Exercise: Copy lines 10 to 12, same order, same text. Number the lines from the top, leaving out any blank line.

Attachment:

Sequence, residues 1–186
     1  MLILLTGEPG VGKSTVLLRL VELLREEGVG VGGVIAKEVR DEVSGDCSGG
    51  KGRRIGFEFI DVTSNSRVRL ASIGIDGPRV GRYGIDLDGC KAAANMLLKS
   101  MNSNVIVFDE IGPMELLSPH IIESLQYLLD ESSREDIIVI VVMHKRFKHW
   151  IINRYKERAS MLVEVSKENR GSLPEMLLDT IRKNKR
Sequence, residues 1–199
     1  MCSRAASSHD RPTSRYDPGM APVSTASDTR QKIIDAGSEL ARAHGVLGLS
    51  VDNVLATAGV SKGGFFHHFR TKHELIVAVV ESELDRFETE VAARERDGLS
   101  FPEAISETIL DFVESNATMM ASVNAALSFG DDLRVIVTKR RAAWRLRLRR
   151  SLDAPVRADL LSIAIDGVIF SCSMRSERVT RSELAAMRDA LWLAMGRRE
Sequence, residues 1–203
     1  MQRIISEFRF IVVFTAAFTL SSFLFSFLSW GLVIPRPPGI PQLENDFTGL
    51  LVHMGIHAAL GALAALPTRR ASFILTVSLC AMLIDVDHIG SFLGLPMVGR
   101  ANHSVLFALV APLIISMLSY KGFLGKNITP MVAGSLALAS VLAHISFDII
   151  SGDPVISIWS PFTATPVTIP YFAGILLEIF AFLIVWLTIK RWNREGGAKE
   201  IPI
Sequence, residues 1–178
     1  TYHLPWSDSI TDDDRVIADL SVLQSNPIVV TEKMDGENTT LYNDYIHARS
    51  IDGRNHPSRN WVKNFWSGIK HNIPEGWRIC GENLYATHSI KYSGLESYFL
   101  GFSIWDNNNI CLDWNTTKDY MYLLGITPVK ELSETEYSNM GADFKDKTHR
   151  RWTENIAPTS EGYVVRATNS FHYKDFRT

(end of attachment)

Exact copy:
   151  SLDAPVRADL LSIAIDGVIF SCSMRSERVT RSELAAMRDA LWLAMGRRE
Sequence, residues 1–203
     1  MQRIISEFRF IVVFTAAFTL SSFLFSFLSW GLVIPRPPGI PQLENDFTGL